There continues to be a great deal of confusion among patients and healthcare professionals about whether 100% fruit juice has a place in a healthy diet. We all know that pure fruit juice contains naturally-occurring sugars from the fruit itself, but it also contains many nutrients that are important for patients’ wellbeing, including: vitamin C, potassium and folate. 150ml of fruit juice goes towards one of your five-a-day, and makes a nutritious contribution to a balanced diet.

The British Journal of Family Medicine is offering its readers the opportunity to gain a CME accreditation for their ongoing learning portfolio. To obtain this accreditation, watch the new Fruit Juice Matters webinar - which can be found on the Practice Nurse website – and answer a few questions on the content. The webinar is hosted by Dr Sarah Jarvis and Professor Johan de Rycker, who aim to recalibrate the debate around fruit juice and provide some of the scientific evidence supporting the daily consumption of 150ml of pure orange juice.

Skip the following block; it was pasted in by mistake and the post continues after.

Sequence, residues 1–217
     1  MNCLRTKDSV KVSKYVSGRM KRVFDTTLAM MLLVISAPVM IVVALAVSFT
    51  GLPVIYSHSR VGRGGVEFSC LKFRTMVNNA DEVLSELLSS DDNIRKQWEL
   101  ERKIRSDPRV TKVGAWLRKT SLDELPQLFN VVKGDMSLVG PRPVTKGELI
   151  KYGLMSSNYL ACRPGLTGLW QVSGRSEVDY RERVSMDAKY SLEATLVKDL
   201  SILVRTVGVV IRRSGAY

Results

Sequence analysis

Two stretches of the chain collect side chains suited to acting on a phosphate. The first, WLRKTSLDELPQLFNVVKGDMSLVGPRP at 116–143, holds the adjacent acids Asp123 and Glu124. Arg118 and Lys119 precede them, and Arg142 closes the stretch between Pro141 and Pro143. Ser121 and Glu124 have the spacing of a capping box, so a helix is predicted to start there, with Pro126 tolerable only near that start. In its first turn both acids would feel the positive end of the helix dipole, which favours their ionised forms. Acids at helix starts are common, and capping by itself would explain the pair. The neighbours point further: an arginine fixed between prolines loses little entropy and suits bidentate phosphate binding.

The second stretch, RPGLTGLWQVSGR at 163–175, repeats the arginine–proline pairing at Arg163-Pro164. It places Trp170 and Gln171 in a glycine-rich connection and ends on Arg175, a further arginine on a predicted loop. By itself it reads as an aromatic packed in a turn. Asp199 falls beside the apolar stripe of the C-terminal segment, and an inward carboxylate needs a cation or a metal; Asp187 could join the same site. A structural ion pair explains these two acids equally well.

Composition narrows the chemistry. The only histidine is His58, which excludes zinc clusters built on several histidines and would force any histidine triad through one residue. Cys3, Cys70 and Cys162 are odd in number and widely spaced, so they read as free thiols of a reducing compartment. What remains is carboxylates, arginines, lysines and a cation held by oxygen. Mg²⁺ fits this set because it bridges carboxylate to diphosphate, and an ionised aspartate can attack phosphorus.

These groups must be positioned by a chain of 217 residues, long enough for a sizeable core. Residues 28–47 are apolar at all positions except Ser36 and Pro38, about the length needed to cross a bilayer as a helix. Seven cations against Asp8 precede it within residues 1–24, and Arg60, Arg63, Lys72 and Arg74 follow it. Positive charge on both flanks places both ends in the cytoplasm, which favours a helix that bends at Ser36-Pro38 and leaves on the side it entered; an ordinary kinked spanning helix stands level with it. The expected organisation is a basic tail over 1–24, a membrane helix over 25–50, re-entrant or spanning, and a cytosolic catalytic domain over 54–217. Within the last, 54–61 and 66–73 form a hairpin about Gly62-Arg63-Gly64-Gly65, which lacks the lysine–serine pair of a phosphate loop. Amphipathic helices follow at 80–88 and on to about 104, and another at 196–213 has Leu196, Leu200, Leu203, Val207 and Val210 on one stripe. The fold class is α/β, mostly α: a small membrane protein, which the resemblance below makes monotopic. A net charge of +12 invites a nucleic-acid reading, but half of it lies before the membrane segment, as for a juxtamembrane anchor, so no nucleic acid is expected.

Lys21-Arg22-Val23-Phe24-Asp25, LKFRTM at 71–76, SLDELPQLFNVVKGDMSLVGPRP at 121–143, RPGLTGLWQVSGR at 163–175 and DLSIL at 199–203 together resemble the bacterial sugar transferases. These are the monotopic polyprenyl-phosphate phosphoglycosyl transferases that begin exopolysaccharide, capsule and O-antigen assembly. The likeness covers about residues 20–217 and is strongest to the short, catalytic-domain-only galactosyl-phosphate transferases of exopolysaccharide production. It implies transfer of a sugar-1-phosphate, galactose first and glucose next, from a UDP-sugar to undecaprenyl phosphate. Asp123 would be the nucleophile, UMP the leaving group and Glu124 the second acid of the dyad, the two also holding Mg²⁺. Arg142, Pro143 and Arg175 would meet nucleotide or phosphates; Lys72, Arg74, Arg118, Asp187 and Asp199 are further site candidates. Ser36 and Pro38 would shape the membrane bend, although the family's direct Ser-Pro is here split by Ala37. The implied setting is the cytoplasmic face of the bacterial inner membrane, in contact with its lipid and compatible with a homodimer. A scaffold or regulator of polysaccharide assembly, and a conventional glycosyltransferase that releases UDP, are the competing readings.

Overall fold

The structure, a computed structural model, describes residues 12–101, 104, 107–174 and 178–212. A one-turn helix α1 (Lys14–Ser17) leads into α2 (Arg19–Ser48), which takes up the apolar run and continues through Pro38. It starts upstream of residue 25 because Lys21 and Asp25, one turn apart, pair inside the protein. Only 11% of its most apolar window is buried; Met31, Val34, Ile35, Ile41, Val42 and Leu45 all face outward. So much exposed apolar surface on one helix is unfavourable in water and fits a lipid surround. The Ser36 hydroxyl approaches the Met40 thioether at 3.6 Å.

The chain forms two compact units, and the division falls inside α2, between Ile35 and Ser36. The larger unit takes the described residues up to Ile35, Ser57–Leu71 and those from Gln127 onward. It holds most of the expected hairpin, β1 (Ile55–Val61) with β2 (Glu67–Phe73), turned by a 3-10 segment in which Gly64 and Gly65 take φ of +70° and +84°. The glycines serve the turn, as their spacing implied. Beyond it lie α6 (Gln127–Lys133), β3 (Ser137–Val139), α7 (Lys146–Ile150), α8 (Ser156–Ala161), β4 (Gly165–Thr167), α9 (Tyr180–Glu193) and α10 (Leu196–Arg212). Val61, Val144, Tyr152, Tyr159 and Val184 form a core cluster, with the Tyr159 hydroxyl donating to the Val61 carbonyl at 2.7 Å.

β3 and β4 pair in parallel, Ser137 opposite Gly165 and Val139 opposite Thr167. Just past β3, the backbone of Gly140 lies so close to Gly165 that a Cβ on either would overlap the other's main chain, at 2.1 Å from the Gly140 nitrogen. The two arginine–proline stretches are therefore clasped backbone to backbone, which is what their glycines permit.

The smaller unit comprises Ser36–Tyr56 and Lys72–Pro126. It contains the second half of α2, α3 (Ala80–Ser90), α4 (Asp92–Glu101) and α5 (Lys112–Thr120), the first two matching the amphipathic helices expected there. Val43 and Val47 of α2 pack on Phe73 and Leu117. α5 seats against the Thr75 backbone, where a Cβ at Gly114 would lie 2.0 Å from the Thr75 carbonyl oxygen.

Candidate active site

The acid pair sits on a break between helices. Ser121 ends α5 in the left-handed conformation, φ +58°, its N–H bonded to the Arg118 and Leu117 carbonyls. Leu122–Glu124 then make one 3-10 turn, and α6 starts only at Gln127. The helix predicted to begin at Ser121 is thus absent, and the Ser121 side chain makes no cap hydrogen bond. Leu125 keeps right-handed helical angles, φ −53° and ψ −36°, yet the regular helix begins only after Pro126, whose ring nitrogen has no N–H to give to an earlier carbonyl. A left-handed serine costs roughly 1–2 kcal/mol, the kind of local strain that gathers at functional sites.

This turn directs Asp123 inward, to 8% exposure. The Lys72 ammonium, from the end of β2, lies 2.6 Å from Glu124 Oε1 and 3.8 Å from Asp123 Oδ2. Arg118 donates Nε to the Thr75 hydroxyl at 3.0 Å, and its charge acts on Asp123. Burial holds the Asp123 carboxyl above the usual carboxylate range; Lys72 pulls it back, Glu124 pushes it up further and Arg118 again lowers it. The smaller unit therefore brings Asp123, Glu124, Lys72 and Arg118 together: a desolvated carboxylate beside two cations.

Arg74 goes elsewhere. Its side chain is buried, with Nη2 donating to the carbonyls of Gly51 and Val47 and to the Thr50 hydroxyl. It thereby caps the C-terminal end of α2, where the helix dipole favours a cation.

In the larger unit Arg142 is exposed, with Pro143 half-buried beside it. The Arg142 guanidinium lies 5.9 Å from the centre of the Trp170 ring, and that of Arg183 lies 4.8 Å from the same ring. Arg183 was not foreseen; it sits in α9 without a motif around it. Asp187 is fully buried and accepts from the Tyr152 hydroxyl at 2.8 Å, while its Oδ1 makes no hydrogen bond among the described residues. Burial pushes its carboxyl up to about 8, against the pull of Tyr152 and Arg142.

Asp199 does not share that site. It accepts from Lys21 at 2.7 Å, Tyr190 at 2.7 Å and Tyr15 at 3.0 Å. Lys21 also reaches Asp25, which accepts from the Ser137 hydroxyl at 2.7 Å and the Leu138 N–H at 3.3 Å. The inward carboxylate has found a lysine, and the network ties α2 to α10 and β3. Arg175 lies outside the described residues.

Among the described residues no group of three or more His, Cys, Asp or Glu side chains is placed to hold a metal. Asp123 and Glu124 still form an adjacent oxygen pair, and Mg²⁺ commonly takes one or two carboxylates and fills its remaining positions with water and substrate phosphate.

The Fruit Juice Matters initiative was created with the aim of helping health professionals to communicate the facts and science supporting the health benefits associated with drinking fruit juice, in line with recommended portion guidance. This evidence and understanding will ensure you are able to respond to your patients’ questions with scientifically-supported answers.

The webinar also includes a clear explanation from Professor de Rycker on the scientific understanding of what has been termed the ‘fructose hypothesis,’ which is the theory that too much fructose – one of the sugars in fruit and fruit juice – is a culprit in the rise of obesity, diabetes, cardiovascular disease, and metabolic syndrome. Professor de Rycker debunks some of the myths surrounding the fructose hypothesis and explains the current evidence.

To watch this video and receive a CME accreditation, follow this link:

For more information on Fruit Juice Matters, please go to